Functional foods’ effects on dog, cat health summarized

Learn what 17 peer-reviewed studies on functional foods in dog and cat diets discovered about functional ingredients’ effects on animal health.

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photo by Alexander62 | BigStockPhoto
photo by Alexander62 | BigStockPhoto

A meta-analysis of functional foods research summarized 17 peer-reviewed studies on dog and cat food ingredients, including rice bran, mushrooms, turmeric and plant components like inulin and fructooligosaccharides (FOS). The journal Research in Veterinary Science published the meta-analysis of research on pet food ingredients.

Although the US Food and Drug Administration doesn’t have a legal definition for functional foods, the Mayo Clinic defines them as “foods that have a potentially positive effect on health beyond basic nutrition.” Functional ingredients in pet foods often are marketed to address specific health concerns such as digestion, joint and cartilage function, immune system strength or dental health. 

Functional foods in dog nutrition and health

In the functional foods studies, scientists found that some ingredients seem to benefit pet health. For example, several studies provided evidence that FOS, which are present in blue agave, chicory root, bananas and other plants, may reduce Clostridium perfringens bacterial concentrations in dogs’ feces or improve gut health in other ways.

Similarly, another study examined what happens to dogs after six months of eating food enriched with FOS, amino acids and a mixture of functional ingredients: hen-of-the-woods mushrooms (Grifola frondosa), turmeric (Curcuma longa), papaya (Carica papaya), pomegranate (Punica granatum), aloe (Aloe vera), knotweed (Polygonum L.), red algae (Haematococcus pluvialis), tomato (Solanum licopersicum) and grapes (Vitis vinifera). After the six months, the dogs eating the functional food diet had lower levels of potentially harmful reactive oxygen metabolites, commonly known as free radicals, than dogs that ate a conventional diet.

“This evidence supports the idea that an adequate diet may be crucial to achieve a good oxidative balance in dogs,” wrote the authors of the meta-analysis.

Dog fertility may be improved by some functional foods too. Scientists fed 14 dogs a special food made with hydrolyzed fish and potato proteins, amino acids, Mojave yucca (Yucca schidigera), Peruvian maca (Lepidium meyenii), goatshead weed (Tribulus terrestris) and other ingredients. A constant improvement in testosterone metabolic activity was observed within 45 days after beginning of the enrich diet compared to dogs fed a control diet. Likewise, semen significantly increased in motility and vitality in dogs aged between 2 and 7.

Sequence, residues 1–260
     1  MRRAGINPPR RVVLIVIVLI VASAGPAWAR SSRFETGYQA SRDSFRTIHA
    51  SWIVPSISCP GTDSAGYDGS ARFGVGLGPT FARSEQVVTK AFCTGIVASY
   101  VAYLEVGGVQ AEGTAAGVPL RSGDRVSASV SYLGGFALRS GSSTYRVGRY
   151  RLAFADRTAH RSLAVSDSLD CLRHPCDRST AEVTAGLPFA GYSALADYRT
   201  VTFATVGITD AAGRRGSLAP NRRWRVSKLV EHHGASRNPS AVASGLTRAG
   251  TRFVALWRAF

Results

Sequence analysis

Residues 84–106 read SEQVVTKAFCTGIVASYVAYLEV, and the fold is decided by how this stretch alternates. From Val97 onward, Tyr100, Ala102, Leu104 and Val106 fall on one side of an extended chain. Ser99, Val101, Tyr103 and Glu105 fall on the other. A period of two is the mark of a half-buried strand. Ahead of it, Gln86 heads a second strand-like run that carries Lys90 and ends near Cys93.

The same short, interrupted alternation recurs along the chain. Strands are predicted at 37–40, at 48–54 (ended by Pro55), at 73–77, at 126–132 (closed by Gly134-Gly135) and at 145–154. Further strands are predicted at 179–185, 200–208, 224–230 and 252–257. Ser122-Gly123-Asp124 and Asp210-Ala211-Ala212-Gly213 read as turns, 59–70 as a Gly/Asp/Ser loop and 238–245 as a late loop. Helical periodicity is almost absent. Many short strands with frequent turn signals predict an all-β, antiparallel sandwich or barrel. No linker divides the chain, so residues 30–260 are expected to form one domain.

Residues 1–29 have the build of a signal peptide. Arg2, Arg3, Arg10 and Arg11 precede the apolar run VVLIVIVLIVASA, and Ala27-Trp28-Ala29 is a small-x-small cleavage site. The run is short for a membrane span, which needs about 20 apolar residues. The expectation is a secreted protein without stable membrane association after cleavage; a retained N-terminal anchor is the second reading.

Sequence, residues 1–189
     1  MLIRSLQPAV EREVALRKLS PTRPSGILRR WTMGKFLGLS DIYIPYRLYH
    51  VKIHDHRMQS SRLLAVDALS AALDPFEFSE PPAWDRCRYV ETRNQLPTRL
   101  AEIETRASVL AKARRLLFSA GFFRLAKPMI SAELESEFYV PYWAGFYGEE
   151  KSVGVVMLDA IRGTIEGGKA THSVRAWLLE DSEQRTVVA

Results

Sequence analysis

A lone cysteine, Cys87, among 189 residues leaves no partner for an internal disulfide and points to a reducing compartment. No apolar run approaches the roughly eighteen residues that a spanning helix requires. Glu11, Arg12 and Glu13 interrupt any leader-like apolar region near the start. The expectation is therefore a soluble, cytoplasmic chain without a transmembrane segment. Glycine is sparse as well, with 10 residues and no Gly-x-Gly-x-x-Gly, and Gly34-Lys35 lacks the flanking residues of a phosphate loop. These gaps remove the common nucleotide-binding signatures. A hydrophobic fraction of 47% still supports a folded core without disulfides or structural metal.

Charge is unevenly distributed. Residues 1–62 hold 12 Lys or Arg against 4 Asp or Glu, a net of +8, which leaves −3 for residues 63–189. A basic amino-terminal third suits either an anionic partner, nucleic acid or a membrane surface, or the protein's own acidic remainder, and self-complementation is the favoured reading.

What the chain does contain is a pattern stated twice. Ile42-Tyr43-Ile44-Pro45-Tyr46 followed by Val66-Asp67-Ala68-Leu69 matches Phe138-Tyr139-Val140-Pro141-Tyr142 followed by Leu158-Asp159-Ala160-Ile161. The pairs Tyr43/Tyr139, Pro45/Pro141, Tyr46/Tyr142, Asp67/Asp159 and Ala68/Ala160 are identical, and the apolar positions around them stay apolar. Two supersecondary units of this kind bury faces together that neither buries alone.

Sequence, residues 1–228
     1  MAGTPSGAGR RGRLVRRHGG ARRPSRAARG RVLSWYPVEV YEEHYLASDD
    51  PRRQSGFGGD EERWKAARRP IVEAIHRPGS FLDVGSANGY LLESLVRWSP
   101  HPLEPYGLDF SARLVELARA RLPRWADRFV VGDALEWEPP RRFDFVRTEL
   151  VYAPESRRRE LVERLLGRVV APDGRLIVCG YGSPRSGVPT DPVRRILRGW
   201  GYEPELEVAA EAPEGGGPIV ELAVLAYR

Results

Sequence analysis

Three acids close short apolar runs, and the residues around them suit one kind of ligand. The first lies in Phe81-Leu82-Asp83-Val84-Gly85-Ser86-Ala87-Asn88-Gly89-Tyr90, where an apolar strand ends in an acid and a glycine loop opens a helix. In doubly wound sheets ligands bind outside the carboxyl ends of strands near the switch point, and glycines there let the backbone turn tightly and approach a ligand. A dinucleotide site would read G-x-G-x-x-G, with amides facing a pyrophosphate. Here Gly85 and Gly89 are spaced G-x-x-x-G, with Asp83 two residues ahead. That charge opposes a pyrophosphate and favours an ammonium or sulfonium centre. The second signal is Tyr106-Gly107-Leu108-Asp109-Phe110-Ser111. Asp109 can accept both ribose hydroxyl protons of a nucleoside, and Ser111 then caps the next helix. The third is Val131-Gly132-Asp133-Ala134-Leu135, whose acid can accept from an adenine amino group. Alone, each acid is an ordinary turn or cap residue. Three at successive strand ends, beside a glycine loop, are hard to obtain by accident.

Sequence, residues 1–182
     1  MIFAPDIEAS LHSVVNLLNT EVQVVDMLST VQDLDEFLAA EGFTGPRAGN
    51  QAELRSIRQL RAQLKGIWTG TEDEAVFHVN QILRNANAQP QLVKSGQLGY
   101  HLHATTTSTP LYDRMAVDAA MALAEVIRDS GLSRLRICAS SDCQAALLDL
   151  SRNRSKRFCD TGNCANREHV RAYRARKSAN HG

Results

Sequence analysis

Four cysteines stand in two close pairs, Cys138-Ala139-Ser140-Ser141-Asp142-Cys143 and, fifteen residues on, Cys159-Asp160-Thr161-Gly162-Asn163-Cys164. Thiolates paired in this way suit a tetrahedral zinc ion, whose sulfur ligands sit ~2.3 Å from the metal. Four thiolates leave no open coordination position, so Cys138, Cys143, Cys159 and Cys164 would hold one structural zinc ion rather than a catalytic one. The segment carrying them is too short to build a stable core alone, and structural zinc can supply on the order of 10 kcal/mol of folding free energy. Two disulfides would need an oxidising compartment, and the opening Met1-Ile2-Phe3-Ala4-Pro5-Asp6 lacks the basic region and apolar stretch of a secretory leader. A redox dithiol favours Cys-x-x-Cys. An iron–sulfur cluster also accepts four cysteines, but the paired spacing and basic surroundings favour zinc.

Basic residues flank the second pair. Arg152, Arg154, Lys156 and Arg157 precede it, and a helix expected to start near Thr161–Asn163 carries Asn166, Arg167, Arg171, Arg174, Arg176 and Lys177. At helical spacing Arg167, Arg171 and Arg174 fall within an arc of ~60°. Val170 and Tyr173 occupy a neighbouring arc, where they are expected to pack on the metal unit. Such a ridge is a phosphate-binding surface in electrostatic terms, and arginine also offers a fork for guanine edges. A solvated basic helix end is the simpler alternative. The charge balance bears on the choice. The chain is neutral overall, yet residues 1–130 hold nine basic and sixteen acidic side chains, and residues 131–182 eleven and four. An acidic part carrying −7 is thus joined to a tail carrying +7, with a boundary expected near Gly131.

“These results suggest that a diet enriched with antioxidants can be used to achieve a better reproductive performance,” wrote the authors of the meta-analysis.

Evidence from other studies found that functional ingredients in dog foods may help treat cognitive deficits and behavioral disturbances. Other studies noted improvements in the odor of dog’s breath after being fed certain functional food-enriched diets. Stabilized rice bran, as a functional ingredient, also improved palatability and digestibility in another study.

Functional foods in cat nutrition and health

Fewer studies have examined the health effects of functional foods on cats. In one of these studies, cat foods enriched with soy products were fed to 55 cats with chronic diarrhea. All those cats’ conditions improved within one week of starting the soy diet. One-third of the cats developed normal feces by the end of the three-week study.

Apple pomace, the leftovers from making cider, may be a functional food for cat weight-loss diets. Nine adult, neutered, obese cats were fed a meat-based diet with different levels of apple pomace added. At 10 and 20 percent, the apple pomace didn’t decrease palatability, while it did reduce the energy density of the foods.

“Therefore, inclusion of palatable fibrous components at a restricted inclusion rate in the diet of obese cats represents a good way to reduce food energy content and maintain a physiological level of food intake,” wrote the authors of the meta-analysis.

Limitations of functional food research in cats and dogs

Far more studies have examined functional foods in humans, noted the authors. Since humans and their pets have different biological systems, these human studies may not be applicable to dogs or cats.

At the same time, consumers increasingly demand functional foods and may transfer trends from human nutrition to pet nutrition. This may lead to confusion, if consumers aren’t well informed.

“The ultimate success of functional pet foods will depend on delivering bioactive components in a predictable, safe and functional manner to effectively reduce the risk of disease and support the domestic animal's body,” wrote the authors of the meta-analysis.

The authors called on other food scientists, as well as the pet food industry, to educate the public using peer-reviewed research that establishes safe and effective uses of those functional ingredients.

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